For more information about the movie, see:

[3] The PRC Opposes California Propositions 64 and 69
There are two important propositions that affect consumer privacy in the upcoming California election. Though some readers of this newsletter are located in other states, these issues may someday reach your state as well.

Proposition 64: You've probably heard mention of "unscrupulous trial lawyers" and "shakedown" lawsuits. California's Proposition 64, backed by dozens of major corporations, says it will stop these practices by severely curtailing Cali- fornia's Unfair Business Competition law. This California law allows organizations like ours to be plaintiffs on lawsuits that expose and stop corporate consumer wrongdoing, environ- mental damage, and public health violations.

Though supporters of Prop. 64 depict small mom and pop business owners as the "victims" of so-called "shakedown" lawsuits, Proposition 64 is financially backed by deep corporate pockets that want to eviscerate the Unfair Business Competition law. These interests seek to limit the ability of nonprofit organizations like ours to represent consumers' interests. Without these provisions, major privacy laws will be largely unenforceable, relying only on understaffed and budget-crunched state and local consumer protection agencies for prosecution and only if they have the resources.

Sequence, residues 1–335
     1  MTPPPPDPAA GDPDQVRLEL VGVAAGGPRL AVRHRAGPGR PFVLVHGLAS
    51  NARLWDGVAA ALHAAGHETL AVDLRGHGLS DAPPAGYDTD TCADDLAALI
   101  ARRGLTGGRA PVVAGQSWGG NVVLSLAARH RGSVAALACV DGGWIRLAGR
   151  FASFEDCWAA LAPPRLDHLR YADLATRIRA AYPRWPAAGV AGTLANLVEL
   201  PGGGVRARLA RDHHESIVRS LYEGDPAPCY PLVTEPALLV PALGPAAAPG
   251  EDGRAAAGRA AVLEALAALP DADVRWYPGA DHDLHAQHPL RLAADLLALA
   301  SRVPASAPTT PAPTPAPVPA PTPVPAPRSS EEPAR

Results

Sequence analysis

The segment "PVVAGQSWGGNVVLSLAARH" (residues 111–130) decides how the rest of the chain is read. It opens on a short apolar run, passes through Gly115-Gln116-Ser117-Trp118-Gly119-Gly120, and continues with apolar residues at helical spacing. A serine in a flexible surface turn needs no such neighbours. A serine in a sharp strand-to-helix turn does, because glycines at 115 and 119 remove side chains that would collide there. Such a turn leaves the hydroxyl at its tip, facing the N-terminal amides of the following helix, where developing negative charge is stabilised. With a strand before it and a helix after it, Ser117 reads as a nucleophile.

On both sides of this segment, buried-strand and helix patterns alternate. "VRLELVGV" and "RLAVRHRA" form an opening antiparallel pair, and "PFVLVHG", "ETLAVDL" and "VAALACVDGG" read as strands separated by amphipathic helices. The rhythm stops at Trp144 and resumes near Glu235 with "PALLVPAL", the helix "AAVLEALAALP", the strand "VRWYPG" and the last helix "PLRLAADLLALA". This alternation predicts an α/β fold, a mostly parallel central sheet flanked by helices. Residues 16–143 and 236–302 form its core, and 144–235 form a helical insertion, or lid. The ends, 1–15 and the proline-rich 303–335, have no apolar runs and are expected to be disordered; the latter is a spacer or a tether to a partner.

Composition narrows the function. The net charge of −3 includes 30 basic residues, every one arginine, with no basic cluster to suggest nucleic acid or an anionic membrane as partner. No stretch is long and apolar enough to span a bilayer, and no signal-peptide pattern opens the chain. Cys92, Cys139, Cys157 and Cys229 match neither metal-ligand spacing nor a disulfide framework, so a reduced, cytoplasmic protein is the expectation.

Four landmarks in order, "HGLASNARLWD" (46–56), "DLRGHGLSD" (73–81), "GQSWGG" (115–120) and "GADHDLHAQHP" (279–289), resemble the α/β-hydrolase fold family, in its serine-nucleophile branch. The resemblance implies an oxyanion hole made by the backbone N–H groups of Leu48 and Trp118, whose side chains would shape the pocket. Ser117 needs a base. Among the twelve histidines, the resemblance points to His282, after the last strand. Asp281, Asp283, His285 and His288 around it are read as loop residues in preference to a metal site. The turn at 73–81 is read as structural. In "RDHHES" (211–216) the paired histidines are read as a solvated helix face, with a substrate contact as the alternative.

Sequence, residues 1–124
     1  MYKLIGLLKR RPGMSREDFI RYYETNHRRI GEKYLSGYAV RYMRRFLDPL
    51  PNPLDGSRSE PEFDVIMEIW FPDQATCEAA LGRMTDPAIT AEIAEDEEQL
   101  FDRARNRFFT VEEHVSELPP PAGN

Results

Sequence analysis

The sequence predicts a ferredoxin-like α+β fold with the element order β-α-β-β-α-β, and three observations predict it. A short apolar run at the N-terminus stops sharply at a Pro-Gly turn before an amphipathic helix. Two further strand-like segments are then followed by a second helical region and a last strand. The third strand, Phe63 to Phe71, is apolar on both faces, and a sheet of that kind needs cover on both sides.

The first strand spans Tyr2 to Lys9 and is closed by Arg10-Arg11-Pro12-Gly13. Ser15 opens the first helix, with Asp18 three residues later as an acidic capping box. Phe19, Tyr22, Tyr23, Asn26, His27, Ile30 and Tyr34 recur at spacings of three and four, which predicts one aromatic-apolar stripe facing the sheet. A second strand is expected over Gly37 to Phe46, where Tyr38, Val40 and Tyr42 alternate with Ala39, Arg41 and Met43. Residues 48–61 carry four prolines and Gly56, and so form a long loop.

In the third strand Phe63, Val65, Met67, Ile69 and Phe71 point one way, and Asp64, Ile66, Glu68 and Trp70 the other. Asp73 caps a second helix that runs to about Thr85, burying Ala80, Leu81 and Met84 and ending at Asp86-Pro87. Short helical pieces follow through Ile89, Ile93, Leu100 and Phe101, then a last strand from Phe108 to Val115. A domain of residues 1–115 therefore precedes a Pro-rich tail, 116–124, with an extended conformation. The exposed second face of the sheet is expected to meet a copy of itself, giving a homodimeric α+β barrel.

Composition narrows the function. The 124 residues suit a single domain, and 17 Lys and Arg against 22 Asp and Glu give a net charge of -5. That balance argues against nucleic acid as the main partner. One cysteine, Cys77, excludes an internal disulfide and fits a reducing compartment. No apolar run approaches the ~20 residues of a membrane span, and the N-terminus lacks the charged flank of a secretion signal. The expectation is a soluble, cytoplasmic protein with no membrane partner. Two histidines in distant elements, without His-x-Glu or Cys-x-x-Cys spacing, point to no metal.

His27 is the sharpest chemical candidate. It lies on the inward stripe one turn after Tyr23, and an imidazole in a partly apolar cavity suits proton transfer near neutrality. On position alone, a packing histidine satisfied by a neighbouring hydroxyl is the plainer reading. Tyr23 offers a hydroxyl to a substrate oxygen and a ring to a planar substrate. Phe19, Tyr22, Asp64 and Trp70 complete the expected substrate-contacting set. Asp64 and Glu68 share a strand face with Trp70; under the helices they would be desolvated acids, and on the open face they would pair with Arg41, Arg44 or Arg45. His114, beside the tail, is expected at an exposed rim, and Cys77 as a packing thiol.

That's why California Attorney General Bill Lockyer opposes Prop. 64. Other opponents include the American Lung Association, AARP, and the Sierra Club, along with the PRC.

Privacy intrusions do not usually result in the individual losing money. Nonetheless, privacy abuses can cause significant harm. And once you've lost your privacy, it's nearly impossible to regain. Under Proposition 64, if your privacy were violated, you would not be able to go to court unless you could show you personally lost money.

Financial companies, for instance, want to continue to be able to profit from the use and sale of your sensitive financial data. They do not want to be held accountable for compliance with California's privacy laws. As another example of how your privacy could be at risk if Prop. 64 passes, see our last newsletter [ ]. We reported that the PRC filed a suit against supermarket giant Albertsons and its pharmacy units, SavOn, Osco, and Jewel-Osco, alleging they violated the privacy rights of thousands of customers by illegally misusing confidential prescription information for drug company marketing campaigns. This deceptive marketing practice and others will continue unabated if Prop. 64 passes and our organization is unable to file suit.

For more information about the PRC's opposition to Prop. 64, see:

For more information about the "no on Prop. 64" campaign, see:

For a list of Prop. 64 opponents, see:

For information about Proposition 64's corporate supporters, see:

Proposition 69: Many states have experienced the benefits of using DNA samples to solve crimes. But when do efforts to collect DNA go to far? When samples are taken from arrestees who have not been convicted of a crime.